In Focus: Who invented the beautiful game?

Paige Simmonds
Modern-day Italians play folk football in Florence
Modern-day Italians play folk football in Florence

The beautiful game. The world's favourite sport. Football has been around for decades, but do we really know where it comes from?

Many believe football was invented in England, becoming popular in the 1800s before the FA made things official by bringing in rules and competitions.

But there are claims dating back over 4,000 years to ancient Greece, Rome and China.

LiveScore investigate the history of football.

Ancient times

It is no surprise that football is more ancient than many first thought. 

Sources claim that the sport dates all the way back to 2500 BC with evidence of Romans, Greeks and the Chinese playing a similar game.

Around 206 BC, a popular sport called ‘Tsu-Chu’ — which loosely translates to “kicking the ball” — was being played in China.

This involved sending a leather ball into a net between two bamboo poles. The key difference from modern football being the use of hands as well as feet in Tsu-Chu.

Similar games that required play by foot were played by the Japanese, Native Americans, and Indigenous Australians.

Fit for a king

English history has proven to have a massive influence on what we know today as modern football.

One of its earliest forms during the ninth century saw villagers kick around a pig’s bladder in contests than ran for miles.

At this point in time, football was a violent sport — even compared to the fiercest derbies today — and was banned by several kings due to the number of riots it caused.

More known for his off-field activities, Henry VIII was a huge fan with the first known pair of football boots found in a list of the wardrobe items taken after his death.

King Henry VIII is the proud owner of the world's fist recorded football boots
King Henry VIII is the proud owner of the world's fist recorded football boots

Folk football

During the 18th and 19th century, many countries including England and France began to play folk football — a similar version to the Chinese Tsu-Chu.

The key differences being the sheer numbers of players and the goals being as much as three miles apart.

This game was extremely violent with kicking an opposing player in the shins being legal.

New schools of thought

The modernisation of football lays solely down to the public schools of England during the 1800s.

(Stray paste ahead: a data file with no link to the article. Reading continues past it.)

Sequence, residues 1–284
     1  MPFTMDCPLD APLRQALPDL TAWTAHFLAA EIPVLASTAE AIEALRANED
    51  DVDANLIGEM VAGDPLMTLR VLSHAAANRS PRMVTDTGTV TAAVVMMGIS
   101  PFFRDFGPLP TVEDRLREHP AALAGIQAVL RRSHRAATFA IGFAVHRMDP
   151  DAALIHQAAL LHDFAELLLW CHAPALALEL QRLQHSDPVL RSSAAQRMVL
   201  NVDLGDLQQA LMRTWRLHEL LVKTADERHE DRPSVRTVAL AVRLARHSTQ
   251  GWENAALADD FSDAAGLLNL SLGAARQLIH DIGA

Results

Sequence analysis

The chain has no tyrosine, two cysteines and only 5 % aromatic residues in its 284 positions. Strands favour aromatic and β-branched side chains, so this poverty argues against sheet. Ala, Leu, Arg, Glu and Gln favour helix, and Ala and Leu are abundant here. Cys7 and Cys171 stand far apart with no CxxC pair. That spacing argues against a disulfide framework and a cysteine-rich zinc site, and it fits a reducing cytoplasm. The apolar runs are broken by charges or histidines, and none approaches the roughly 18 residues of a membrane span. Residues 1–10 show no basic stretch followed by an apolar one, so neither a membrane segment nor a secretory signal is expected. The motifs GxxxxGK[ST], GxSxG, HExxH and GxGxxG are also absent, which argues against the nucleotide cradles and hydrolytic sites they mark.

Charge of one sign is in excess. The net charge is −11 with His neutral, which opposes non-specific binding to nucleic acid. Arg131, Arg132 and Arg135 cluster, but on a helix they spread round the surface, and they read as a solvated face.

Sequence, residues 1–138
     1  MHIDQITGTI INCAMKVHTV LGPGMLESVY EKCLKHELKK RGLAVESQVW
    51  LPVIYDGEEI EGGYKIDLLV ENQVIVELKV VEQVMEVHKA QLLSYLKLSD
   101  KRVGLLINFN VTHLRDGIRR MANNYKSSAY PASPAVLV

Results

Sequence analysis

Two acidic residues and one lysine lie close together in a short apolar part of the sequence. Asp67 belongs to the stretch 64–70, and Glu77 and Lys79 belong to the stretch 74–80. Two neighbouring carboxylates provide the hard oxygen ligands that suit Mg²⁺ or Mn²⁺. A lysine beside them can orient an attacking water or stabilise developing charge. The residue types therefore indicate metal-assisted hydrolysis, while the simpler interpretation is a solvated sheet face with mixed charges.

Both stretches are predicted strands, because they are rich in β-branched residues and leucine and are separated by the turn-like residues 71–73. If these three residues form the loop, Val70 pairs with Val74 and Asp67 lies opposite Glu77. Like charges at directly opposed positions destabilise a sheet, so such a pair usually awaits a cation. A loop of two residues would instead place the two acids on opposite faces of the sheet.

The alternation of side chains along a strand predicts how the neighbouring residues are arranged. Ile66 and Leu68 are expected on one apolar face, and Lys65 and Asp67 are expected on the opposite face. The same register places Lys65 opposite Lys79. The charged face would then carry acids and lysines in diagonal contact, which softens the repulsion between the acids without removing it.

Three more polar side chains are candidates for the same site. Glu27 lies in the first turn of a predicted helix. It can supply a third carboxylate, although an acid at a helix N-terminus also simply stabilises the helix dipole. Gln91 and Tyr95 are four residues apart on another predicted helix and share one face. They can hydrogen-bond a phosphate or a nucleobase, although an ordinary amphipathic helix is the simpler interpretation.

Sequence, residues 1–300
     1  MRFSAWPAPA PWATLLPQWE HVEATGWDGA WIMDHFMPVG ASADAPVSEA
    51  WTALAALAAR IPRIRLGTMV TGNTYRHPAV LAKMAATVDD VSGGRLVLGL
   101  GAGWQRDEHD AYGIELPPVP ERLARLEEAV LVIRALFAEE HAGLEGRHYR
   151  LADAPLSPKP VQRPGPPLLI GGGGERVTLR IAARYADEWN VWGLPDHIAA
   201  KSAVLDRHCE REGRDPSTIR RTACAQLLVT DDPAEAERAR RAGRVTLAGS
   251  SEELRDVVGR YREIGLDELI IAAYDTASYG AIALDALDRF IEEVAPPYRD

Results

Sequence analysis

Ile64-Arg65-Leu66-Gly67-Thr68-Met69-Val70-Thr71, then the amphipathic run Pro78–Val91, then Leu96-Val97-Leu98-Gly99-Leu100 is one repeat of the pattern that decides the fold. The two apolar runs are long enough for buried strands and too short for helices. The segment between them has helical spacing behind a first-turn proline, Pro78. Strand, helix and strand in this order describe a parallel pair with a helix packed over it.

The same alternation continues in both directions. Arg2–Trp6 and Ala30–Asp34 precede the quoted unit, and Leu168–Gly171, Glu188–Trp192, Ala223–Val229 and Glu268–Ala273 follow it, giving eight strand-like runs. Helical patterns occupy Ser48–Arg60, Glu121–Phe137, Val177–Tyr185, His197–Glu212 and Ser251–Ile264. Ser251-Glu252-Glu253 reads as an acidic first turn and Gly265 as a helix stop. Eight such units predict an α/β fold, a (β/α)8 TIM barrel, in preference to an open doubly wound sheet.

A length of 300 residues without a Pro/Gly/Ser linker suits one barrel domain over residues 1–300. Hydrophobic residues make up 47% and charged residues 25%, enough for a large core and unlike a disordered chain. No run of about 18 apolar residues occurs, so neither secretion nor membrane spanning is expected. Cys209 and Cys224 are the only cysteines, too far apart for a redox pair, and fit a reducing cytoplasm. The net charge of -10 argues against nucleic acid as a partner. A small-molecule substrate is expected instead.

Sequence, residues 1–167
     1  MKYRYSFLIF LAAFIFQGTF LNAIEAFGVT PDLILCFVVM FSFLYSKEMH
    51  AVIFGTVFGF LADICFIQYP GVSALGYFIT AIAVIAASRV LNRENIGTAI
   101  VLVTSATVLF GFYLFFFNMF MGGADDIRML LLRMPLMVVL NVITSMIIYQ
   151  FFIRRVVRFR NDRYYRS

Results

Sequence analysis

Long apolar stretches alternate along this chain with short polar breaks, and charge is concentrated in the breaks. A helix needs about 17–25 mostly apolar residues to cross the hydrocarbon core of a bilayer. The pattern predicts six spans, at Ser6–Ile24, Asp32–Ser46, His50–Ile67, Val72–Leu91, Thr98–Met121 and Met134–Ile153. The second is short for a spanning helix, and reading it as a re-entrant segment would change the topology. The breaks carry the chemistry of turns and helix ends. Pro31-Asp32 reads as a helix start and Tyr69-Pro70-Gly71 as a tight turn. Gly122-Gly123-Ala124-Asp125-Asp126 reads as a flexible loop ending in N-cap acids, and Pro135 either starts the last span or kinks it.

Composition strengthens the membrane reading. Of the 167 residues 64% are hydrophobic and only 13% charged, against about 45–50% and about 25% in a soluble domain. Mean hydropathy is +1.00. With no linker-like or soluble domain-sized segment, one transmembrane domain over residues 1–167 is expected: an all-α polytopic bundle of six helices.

Sticking to the roots of folk football, players were allowed to use hands but soon goalkeepers were introduced into the game and outfield players were limited to using their feet. 

Some of the more brutal tackles were outlawed, eliminating much of the violence. 

Soon after football clubs started to emerge, predominantly in the late 1800s, and schools began to play each other. Football started to become the much-loved sport it is today.

Schools were the breeding grounds for what became modern football
Schools were the breeding grounds for what became modern football

The FA

The FA were formed in London on October 26, 1863. And the introduction of the English game's governing body was soon followed by the FA Cup — the world's first football competition — in 1871.

More and more clubs joined and there were 128 teams by 1887. Soon after the FA formed, players started being paid and in 1885 professionalism was formally legalised.

The success of the FA proved football had a future, with the English Football League created in 1888 by then Aston Villa director William McGregor.

Globalisation of football

Football’s popularity grew rapidly and began to spread all over the world — reaching countries including the Netherlands, Denmark, Switzerland, Belgium, Spain, France and Italy before the 20th century.

As the game's recognition grew, so did the associations with FIFA forming in 1904 in Paris with seven members from the continent. 

The first-ever FIFA World Cup was held in Uruguay in 1930 and football blossomed into the game we know today.

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